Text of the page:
Magazine article Policy & Practice

A Powerful Tool to Pinpoint and Prevent Prescription Drug Abuse

Magazine article Policy & Practice

A Powerful Tool to Pinpoint and Prevent Prescription Drug Abuse

Article excerpt

Opioid Abuse: An Escalating Problem

In 2014, nearly 19,000 people died from prescription opioid-related causes--a 16 percent increase from 2013. (1) Killing more people than automobile accidents, approximately 78 Americans are fatally overdosing on opioids each and every day, according to the CDC.

One of the most devastating aspects of opioids is their ability to cut across all socioeconomic classes and demographics. "This is not a problem that is only impacting people who have gone astray and break the law," says Dr. Este Geraghty, chief medical officer and health solutions director at Esri. "This is a problem that affects a lot of people and it could be your neighbor, your mother--people you might not have initially expected."

Across the country, state and local government leaders are grappling with how to get ahead of the problem, Including limiting painkiller prescriptions and launching prescription drug monitoring programs. In July, President Obama signed the Comprehensive Addiction and Recovery Act of 2016 (CARA), which increases the availability of naloxone, strengthens Monitoring and expands educational efforts.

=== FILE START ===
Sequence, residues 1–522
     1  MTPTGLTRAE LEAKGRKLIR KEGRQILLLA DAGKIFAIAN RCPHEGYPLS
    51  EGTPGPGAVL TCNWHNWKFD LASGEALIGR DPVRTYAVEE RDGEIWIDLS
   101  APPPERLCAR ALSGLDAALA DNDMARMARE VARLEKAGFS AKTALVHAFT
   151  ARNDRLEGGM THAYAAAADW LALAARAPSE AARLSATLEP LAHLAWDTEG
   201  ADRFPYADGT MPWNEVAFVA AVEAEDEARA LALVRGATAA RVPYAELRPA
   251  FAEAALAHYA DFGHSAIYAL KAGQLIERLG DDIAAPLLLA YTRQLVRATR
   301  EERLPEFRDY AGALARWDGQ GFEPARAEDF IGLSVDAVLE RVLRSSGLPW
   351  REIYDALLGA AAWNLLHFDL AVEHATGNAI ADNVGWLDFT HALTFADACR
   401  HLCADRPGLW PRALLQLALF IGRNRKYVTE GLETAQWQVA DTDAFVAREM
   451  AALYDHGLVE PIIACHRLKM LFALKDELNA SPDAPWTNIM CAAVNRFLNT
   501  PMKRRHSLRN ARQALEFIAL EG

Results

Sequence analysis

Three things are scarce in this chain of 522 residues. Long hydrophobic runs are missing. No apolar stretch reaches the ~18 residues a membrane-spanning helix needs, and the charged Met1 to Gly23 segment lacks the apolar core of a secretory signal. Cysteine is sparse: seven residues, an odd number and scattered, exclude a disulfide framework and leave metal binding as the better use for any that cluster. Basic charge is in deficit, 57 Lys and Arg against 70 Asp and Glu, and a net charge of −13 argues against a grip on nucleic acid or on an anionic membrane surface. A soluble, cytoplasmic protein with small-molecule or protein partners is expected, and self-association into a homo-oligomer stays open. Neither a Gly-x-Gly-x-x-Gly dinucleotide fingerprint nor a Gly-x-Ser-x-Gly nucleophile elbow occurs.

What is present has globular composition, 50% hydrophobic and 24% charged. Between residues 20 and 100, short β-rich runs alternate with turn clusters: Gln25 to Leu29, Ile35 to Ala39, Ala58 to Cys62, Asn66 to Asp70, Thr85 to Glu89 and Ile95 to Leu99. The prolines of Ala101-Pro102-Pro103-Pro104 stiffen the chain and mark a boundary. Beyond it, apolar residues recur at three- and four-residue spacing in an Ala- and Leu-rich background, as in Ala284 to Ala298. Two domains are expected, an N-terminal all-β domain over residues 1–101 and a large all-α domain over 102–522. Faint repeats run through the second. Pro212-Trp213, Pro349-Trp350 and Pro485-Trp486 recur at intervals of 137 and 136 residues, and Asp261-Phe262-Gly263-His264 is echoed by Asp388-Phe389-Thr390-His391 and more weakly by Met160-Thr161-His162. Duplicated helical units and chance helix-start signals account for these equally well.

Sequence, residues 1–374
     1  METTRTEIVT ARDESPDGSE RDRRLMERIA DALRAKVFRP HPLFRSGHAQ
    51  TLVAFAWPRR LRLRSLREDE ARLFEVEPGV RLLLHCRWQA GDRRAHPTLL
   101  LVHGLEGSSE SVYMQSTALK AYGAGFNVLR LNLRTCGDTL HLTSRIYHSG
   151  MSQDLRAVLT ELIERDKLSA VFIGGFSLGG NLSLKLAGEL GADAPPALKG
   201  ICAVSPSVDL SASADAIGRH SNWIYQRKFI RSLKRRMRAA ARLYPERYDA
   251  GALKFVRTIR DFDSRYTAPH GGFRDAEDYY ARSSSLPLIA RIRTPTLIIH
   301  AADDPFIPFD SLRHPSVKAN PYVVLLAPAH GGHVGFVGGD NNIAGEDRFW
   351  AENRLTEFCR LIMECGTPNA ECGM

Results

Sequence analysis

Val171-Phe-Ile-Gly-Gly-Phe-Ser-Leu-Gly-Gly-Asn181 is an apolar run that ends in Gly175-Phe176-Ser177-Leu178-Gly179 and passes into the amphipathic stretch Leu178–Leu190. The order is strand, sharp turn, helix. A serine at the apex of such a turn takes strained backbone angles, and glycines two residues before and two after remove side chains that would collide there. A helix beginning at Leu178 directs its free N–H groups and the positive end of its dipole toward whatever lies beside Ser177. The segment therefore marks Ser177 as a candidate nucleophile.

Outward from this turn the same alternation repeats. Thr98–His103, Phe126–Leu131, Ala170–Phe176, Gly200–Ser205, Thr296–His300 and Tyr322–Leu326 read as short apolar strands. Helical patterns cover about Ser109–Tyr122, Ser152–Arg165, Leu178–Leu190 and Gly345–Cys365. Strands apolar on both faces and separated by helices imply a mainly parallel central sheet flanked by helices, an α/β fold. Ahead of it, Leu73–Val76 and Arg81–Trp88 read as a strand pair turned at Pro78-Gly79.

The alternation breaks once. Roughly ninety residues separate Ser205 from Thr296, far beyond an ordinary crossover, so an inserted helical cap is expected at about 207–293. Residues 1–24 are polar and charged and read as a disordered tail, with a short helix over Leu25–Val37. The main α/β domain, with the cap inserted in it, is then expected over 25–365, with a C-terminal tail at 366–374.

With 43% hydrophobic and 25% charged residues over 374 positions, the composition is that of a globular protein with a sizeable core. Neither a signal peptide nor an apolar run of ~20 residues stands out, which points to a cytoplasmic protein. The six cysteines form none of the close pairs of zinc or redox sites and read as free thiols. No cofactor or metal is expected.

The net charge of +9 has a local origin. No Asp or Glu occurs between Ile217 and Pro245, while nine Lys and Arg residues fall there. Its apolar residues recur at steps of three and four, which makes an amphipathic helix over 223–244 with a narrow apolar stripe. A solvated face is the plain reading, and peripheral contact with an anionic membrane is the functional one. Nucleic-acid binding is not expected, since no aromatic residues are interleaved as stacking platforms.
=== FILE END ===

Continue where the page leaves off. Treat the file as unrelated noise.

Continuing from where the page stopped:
But funding is an issue. While Obama had asked Congress for $1 billion for CARA, the Act included a fraction of that at $181 million. Advocates say funding to address prevention and early treatment of opioid abuse is critical.

"We know that public health is traditionally under-funded and resources are always limited," says Geraghty. …

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